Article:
4. The regular Gila T5 fork is preload adjustable. At this price range, the fork you're getting will be coil spring type. I noticed little difference between the Plus T5, and regular T5, on the pavement. There again, the bike shop may not have tweaked 'em perfectly. The regular T5s are supple, but with 100mm travel, I haven't bottomed out yet. I rode a great technical trail this past weekend, with some very steep drops, turning into steep ascents. Throw in some tight turns at speed, big root outcroppings on downhills, and other torturous stuff. My fork never bottomed out. For road use, it soaks up most of the imperfections. It will also improve handling over a bike with no suspension. Stalker, I'm sure you looked at the next model up, the Sport Disc. The main upgrades on that (for roughly $100 more) are your Plus T5 fork, mechanical disc brakes instead of "V-Pull", and slightly better cassette and hubs. I had really considered the Sport Disc, for those extra upgrades. Thing is, the regular Sport model just below it already has the disc brake eyelets as part of the frame. Basically, this bike is entirely upgradable. Slap on a better fork if you're gonna abuse it on the trail, and with time, you can swap out components for Deore or better and install a mechanical disc system, if you want. You still have a great frame. The upgrade option appealed to me, so I went with the regular Sport. Meh, that was a bit more ranting than you probably wanted. Do this: If you can get your hands on the Sport Disc, try out the Plus T5, then ride the regular T5s.
  5. Gustav Holst - The Planets, etc. "Brook Green Suite, for strings, H. 190- No. 2, Air"
  6. Riding a 2005 Specialized Hardrock I prefer technical singletracks. It's all about precision, agility, and concentration. Sure, I do some occational asphalt, when I wanna pack on 50 miles for a steady aerobic workout or two. I just prefer to ride with the lions and tigers and bears, oh my! *cough*
  7. Gee, I'm a bit late. Guess that's what happens when ya don't check the forums daily. *sigh* Stalker, As Havok mentioned, I own the HardRock displayed in your post. Initially, I was set on a dual-suspension bike. However, after much research, I decided on a hardtail. Best decision I made. Price/Quality was the determining factor. I didn't have $1,800 USD to purchase my dream bike, with front and rear suspension. Additionally, trusting life and limb on bike that perhaps traded frame manufacturing quality and other crucial componets for the dual suspension aspect, didn't appeal to me. Hardtail it was. I checked out Trek, Fisher, Giant, Kestrel, Cannondale, GT, and Schwinn. Came to rest on the Specialized array of fine bicycles. They built what I was looking for, in the price range I could afford. So I ride the Hardrock. It's got a stout, yet (fairly) light frame. Components are hardy enough to take some fair abuse, and still crank out the fun. One thing that really surprised me, the front suspension makes a heck of a difference - more than I expected. Coupled with the well-built frame, this bike is very efficient. If I ever upgrade, I'm getting another Specialized hardtail. I've fallen in love, and it's great. Tires are fine. I've ridden in both single-track, technical trails, and paved asphalt. A little noisy on the road, due to width. Tire pressures range from 35-80psi though, for the "default" rubber.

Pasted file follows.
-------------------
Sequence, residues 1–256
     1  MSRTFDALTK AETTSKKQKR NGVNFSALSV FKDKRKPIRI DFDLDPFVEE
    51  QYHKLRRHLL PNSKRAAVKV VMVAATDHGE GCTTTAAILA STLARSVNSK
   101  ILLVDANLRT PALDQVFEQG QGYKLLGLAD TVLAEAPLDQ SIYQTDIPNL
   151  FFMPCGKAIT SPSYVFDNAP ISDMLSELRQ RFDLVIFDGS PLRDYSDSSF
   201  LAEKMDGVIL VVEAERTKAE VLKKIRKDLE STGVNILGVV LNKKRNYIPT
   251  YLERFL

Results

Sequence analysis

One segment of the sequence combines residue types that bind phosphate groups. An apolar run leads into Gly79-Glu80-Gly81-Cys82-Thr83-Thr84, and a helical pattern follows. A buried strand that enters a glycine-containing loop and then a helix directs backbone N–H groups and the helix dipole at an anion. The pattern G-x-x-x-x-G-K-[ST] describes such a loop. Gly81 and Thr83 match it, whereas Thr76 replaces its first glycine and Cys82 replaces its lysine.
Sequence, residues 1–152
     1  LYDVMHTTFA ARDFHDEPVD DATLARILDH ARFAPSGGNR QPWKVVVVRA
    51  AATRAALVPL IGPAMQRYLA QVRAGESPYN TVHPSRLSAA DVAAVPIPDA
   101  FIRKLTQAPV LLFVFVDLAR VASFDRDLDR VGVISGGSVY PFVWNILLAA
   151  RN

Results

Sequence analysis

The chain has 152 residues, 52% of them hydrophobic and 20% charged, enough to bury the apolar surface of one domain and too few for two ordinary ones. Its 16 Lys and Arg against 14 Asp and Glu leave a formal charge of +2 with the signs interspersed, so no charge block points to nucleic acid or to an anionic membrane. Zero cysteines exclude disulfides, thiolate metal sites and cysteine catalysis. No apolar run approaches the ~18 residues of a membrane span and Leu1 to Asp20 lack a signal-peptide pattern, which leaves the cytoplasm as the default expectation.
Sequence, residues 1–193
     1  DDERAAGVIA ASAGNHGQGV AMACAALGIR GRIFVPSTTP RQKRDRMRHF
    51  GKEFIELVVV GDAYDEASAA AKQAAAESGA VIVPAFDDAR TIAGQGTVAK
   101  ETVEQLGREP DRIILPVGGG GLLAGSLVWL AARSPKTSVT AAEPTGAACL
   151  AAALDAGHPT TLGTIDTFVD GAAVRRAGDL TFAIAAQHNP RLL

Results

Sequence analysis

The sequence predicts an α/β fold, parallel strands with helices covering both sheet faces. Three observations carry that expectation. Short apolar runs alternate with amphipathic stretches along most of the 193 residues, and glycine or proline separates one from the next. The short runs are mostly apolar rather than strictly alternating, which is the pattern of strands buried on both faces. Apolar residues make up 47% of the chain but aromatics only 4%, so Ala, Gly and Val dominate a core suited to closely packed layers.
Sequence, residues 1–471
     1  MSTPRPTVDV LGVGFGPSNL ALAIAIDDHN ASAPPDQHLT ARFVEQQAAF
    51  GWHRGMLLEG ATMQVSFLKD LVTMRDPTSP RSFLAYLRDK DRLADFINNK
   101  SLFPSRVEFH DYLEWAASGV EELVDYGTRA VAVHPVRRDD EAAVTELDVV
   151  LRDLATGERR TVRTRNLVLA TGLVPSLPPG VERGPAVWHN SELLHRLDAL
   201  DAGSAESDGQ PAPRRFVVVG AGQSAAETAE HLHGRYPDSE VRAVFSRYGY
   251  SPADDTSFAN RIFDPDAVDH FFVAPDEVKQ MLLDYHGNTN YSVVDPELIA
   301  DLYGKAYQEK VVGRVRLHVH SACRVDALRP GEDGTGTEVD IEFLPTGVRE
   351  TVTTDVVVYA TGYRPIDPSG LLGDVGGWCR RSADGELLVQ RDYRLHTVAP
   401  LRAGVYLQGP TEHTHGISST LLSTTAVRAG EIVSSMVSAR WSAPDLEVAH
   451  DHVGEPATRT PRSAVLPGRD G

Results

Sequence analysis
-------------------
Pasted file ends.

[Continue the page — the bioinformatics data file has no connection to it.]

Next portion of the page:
8. "Opps, I did it again." GG'z all ye who dared enter...
  9. Astral Projection - Another World "Tryptomine Dream"
  10. Thought about saving an old rig from certain death... K6-2 300MHz Socket 7 64MB of EDO S3 X2/3D 8MB VGA adapter No-name mobo 3GB Maxtor IDE 90 Watt PSU 4X flavor-of-the-week CD-ROM Crappy 15" monitor ...unfortunately, the dumpster had the last word. ####### interns. These days, I see a rigs thrown out the window, and think one of two things: 1) Add it to my home network in cluster config 2) Install GR, and see how badly it runs My first Ghost Recon experience was courtesy of an old Gateway - 750MHz AMD, 128MB PC100, 32MB TNT2, and a few other high-performance gizmos. It's an experience I'll never forget.
  11. Metallica - St. Anger "Invisible Kid"
  12. GG'z. All I gotta say is, "Infantry Rules!"